UVA has a wavelength of 325 nm to 375 nm, so it has the lowest energy compared to UVB and UVC. UVA can penetrate the skin to the second layer (dermis) and generally causes premature aging and is one of the causes of certain skin cancers. Only a small portion of UVA from the sun is absorbed by the atmosphere, about 95% of which reaches the earth’s surface.
How Do UV Rays Kill Organisms?
Ultraviolet (UV) rays kill organisms by damaging their DNA or RNA. One of the result is causing the formation of pyrimidine dimers.
|Pair||Adenine||Thymine (in DNA) / Uracil (in RNA)|
Table 1. DNA base purine-pyrimidine pairs
DNA is a string of proteins consisting of 4 types of bases, namely Adenine (A) and Thymine (T) / Uracil (U) which are paired together, and Guanin (G) and Cytosine (C) which are paired together. The two pairs are attached to a hydrogen bond.
Pyrimidine dimers are formed when UV photons make two thymes (T) or cytosine (C) bases that are next to each other to react and bind. The formation of this pyrimidine dimer makes that part of DNA cannot be replicated (duplicated) or transcribed which makes the organism’s protein-making system disrupted so that it cannot function normally. Pyrimidine dimers are more easily formed when organisms are exposed to UVC compared to two other types of UV light.
Generally, cells/organisms have a recovery mechanism against this problem. For example, by breaking the bond between the two thymine/cytosine with the photolyase enzyme or by cutting a strand of the damaged DNA section then reconnecting it.
The repair process generally runs effectively but does not rule out the possibility of an error during the repair. The longer an organism is exposed to UV light, the more pyrimidine dimers are formed, and the greater the chance of errors in DNA repair. DNA damage like this can trigger abnormalities ranging from mutations to cell death.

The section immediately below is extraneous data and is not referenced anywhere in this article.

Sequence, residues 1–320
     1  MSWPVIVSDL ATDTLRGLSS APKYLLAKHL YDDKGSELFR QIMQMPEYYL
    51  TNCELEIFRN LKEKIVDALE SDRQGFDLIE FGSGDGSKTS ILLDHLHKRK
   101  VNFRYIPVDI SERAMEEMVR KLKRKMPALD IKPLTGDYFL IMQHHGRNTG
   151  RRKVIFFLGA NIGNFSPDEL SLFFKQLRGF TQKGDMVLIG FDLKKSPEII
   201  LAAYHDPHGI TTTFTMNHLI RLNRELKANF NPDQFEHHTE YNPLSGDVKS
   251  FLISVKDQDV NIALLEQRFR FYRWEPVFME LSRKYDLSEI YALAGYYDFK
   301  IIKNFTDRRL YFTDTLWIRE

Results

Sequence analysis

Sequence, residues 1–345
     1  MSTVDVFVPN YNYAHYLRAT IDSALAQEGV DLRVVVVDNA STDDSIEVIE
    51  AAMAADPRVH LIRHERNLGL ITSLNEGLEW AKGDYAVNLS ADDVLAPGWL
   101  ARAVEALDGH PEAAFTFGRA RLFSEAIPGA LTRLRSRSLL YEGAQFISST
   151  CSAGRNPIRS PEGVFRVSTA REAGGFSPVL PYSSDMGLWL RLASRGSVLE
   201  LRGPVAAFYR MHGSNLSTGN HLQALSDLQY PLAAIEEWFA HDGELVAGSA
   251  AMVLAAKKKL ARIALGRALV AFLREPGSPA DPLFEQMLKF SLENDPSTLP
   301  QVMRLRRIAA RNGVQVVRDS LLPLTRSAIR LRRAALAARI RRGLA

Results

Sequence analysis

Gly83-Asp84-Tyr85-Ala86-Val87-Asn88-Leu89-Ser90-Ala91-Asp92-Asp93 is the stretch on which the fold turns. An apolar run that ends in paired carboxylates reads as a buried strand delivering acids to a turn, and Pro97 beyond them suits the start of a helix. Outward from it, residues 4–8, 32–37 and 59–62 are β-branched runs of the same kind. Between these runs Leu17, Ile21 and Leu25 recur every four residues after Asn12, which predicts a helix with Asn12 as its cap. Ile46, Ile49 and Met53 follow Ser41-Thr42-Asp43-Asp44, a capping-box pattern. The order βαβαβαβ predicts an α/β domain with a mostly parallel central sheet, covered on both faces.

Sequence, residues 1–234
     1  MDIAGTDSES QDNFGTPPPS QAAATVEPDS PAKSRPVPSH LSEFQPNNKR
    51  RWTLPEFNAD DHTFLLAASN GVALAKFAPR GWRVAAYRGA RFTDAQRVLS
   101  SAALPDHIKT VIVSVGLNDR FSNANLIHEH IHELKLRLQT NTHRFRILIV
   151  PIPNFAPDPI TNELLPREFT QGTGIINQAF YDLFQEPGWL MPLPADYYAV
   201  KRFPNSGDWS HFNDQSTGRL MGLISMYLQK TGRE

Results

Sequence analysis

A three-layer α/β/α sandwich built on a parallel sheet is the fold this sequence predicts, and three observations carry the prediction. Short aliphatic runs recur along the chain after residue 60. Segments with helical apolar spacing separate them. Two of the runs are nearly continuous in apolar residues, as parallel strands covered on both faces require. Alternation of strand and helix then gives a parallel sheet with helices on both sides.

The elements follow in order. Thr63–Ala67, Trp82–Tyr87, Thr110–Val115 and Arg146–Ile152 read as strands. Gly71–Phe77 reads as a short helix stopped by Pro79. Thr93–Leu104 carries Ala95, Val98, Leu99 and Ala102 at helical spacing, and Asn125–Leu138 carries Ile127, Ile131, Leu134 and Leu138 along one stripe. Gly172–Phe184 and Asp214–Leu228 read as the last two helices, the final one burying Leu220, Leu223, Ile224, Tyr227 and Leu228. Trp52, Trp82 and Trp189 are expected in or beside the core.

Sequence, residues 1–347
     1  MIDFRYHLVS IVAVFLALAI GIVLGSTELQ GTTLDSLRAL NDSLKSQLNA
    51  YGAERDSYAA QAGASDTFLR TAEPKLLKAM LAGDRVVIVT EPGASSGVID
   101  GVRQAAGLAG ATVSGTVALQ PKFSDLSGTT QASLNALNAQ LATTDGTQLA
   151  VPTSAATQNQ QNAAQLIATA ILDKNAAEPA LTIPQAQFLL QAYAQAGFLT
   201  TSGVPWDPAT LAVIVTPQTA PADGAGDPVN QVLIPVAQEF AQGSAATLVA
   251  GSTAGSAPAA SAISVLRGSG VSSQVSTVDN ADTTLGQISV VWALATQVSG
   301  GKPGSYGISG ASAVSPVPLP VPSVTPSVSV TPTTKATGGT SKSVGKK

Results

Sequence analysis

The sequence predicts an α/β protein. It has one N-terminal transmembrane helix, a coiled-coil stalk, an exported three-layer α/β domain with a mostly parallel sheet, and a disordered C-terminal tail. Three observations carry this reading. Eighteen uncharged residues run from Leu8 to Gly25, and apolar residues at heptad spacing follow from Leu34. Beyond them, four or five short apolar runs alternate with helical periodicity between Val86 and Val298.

UV light is a type of electromagnetic radiation that has a high enough energy. Therefore, these rays have ionizing properties, which are able to break or trigger the formation of chemical bonds.
From this ability, UV light can cause abnormalities in DNA which can cause mutations to cell death. Although every organism cell has the ability to repair damaged DNA, the DNA repair system is not perfect. Prolonged exposure to UV light can cause an increase in damaged DNA and increase the risk of errors in DNA repair. More errors in DNA repair can cause mutations and generally cell death.
Sources and References:
- Apa Itu Kuman? | Perlindungan Kuman – Dettol
- Yeast: Saccharomyces, Cryptococcus and Candida – University of Edinburgh
- What Is the Difference Between UVA, UVB, UVC and UVV – DoctorUV
- What Is Ultraviolet Radiation? – Government of Canada
- Effects of UVC on Humans – The Health Physics Society
- Pasangan Basa – Wikipedia
- Biological Consequences of Ultraviolet Exposure – Kansas State University
- Is UVC Safe? – Klaran University